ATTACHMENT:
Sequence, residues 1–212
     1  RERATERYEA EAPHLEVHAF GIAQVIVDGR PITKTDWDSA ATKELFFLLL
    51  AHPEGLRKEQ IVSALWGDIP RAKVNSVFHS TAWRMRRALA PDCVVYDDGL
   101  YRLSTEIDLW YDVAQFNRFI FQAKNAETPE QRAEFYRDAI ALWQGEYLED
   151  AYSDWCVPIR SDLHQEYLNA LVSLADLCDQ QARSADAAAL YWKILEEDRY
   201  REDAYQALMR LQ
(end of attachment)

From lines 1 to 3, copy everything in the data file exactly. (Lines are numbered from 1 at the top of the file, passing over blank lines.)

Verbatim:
Sequence, residues 1–212
     1  RERATERYEA EAPHLEVHAF GIAQVIVDGR PITKTDWDSA ATKELFFLLL
    51  AHPEGLRKEQ IVSALWGDIP RAKVNSVFHS TAWRMRRALA PDCVVYDDGL